Step Two: Take care of your cards.  Most cards come with a little plastic sleeve or case, use it when not in a camera.  Among other reasons cards fail from the wafer inside cracking, getting dirt in the pin holes and from static electricity.  Don’t wear wool socks and run around on a carpet with the card.  Eject your cards before removing them from the computer or card reader.  Keep your card reader slot clean, blow them out with compressed air or vacuum them from time to time.

Step Three: Have recovery software in the event of a failure.  As mentioned above, I used Photorec and got back 64 of 83 files.

Here’s hoping you don’t experience memory loss.










Sony A55, Hands on Review

New Review up in the reviews section. I had a couple of weeks with the A55 and put my thoughts together here.

Sony A77 Launches

As a professional photographer, who shoots with Sony Equipment, it is understandable that I should look upon this new camera with a favourable light.  Or is it?  It has been a long time since Sony has addressed a gaping hole in their line of cameras.  Nowhere in the western world is this hole more gaping than in Canada, where the consumer has had the option of only 1 high end body to chose from; the A850.  The A900 was discontinued, the A700 was discontinued 3-4 years ago, and the other bodies have suffered from critical failings.  As such, I have been pretty anxious for a suitable backup body to my A900.  I couldn’t warrant a new A850 to sit on the shelf most of the time, so I picked up an A55 for testing.  So far I both love and hate this camera.  Fingers crossed for the A77.

So having a look at the new specs from Henry’s information page:

α Key Features:

  • Ultra-high resolution 24.3-megapixel* Exmor™ APS HD CMOS sensor
  • World’s fastest** continuous shooting up to 12 frames-per-second with Full-time Continuous Auto-focus
  • AVCHD Ver. 2.0 (Progressive) Full HD Movie at 60p (50p)***
  • World’s first** XGA OLED Tru-Finder viewfinder
  • World’s first** 3-way tilt LCD monitor
  • 1/8000 second shutter speed and approximately 150,000 shutter release durability
I have to admit, everything I love about my A55 is made oodles better in the specs for the A77.  It’s fast, responsive and accurate.  Just watching the demo real above gets me excited to hold this camera.  However this joy is tainted by the things I hate about my A55.  Everything mentioned in their lists and promos pertains to speed and video potential.  This is fast becoming very important to photographers.  Unmentioned in its praises are anything that really matters to me as a strobist and someone who uses a lot of manufactured lighting.  If I used hot lights all the time it would be no question, but with flashes I am wary.  You see for some bizarre reason, my A55 goes completely dark in the viewfinder when you set it to manual controls, in preparation for the flash introduced light.  I have to ask, will the A77 do the same thing?  I anxiously await the answer, because amidst all the good that this camera brings to the table, that would be a deal breaker.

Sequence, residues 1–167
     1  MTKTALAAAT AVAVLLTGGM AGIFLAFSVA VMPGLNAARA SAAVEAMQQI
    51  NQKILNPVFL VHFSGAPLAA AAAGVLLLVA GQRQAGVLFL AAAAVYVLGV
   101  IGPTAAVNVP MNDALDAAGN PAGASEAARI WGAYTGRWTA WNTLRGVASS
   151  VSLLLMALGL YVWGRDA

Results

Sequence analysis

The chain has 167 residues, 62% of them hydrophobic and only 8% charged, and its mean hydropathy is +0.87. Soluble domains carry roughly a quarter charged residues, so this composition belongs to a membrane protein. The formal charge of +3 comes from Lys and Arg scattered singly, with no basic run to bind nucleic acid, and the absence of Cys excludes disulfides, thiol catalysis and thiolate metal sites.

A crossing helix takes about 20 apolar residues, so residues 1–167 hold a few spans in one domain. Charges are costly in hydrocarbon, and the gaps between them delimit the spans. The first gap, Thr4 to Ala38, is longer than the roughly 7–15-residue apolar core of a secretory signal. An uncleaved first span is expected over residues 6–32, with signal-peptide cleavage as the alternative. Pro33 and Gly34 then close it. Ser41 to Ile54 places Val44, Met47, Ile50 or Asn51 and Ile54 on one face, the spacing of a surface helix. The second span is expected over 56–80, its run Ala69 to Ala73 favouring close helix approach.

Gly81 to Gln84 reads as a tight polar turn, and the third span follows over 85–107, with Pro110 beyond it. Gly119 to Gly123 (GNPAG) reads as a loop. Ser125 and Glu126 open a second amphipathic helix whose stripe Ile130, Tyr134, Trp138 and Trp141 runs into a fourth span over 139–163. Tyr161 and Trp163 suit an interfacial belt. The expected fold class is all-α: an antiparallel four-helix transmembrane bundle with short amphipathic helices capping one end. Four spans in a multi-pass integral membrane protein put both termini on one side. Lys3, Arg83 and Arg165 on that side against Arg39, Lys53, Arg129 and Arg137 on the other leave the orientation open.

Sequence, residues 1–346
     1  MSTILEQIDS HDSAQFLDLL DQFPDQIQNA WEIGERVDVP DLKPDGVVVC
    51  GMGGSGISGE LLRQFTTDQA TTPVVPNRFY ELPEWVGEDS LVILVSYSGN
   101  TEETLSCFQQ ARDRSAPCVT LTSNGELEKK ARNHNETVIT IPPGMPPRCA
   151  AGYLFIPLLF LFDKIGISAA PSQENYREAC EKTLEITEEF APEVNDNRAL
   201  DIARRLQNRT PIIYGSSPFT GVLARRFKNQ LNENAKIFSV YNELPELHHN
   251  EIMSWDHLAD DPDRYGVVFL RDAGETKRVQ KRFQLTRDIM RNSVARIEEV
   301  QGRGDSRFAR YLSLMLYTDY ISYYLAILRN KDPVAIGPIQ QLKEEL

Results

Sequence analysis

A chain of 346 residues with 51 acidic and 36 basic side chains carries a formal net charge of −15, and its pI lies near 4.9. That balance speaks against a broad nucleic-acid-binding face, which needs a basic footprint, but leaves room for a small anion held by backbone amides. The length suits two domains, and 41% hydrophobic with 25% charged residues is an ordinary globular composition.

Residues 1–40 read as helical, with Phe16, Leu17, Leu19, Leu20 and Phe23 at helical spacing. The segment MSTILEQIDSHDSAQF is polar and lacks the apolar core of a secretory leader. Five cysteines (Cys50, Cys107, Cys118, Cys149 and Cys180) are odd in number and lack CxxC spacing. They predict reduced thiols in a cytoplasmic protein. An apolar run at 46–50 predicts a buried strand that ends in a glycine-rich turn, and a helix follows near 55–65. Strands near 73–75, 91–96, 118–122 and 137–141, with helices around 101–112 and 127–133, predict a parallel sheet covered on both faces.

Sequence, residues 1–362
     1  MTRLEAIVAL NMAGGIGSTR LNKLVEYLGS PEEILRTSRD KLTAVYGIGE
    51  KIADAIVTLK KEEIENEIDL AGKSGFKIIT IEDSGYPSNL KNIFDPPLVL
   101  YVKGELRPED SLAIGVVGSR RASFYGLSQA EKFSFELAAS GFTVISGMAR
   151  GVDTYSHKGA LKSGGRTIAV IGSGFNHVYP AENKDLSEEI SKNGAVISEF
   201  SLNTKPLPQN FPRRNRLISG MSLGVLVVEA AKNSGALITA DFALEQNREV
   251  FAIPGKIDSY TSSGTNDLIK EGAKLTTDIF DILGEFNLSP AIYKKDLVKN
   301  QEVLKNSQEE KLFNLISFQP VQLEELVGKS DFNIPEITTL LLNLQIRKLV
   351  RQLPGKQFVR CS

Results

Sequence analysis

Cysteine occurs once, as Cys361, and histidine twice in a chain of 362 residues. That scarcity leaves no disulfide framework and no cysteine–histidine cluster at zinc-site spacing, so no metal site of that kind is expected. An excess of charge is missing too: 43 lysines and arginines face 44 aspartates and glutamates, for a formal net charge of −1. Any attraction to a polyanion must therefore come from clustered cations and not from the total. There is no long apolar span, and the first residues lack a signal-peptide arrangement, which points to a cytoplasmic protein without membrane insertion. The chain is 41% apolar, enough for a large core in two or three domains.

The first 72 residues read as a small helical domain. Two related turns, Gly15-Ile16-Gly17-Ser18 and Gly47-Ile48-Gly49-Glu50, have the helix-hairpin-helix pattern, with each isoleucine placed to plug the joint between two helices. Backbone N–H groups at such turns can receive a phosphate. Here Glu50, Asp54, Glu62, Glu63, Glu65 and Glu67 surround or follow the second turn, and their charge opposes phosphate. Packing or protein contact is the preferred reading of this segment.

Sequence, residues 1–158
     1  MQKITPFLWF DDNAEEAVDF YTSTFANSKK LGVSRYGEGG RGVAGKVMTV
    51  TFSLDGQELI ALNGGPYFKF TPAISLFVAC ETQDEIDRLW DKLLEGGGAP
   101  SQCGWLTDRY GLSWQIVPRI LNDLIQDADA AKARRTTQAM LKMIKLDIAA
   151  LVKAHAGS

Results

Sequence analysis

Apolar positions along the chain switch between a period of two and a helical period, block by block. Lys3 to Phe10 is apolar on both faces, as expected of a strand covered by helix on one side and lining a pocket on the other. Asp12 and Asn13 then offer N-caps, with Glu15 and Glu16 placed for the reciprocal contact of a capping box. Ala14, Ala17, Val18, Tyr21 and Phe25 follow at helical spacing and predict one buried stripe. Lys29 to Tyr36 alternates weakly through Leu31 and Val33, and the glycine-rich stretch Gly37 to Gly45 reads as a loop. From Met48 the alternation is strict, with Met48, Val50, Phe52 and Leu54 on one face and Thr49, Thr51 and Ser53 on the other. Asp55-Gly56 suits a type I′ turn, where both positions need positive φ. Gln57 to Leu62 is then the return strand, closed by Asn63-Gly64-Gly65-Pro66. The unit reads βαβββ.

As for the good, trust me when I say that this camera holds the potential to be a game changer in the photo imaging world.  Its speed, definition and build all exceed anything in its competitor’s current price point, and beyond.  With fall announcements soon to be made by Canon and Nikon, it is sure to be war in the trenches for camera makers for this christmas!  I hope to be singing the praise of this camera early October when it becomes available in Canada.
According the the dpreview’s tester, the A77 has a correction to the viewfinder issue mentioned above. “Unlike previous SLTs, you get the choice of whether the camera’s display reflects the selected exposure or whether it ignores it and gains-up to still present an image in low light. This is particularly useful when working with strobes in a studio, where you need to be able to preview the scene despite setting the exposure for when the strobes fire.”
I am even more excited to get my hands on this camera now!
You can read their whole preview and see some sample images here.  Curiously, the new 16-50 2.8 DT SSM lens appears to resolve detail better than the Zeiss 16-35 2.8. The new lens is a fraction of the cost, but not a full frame lens to be fair.  Just have a look at these two sample images, and have a look at the original files: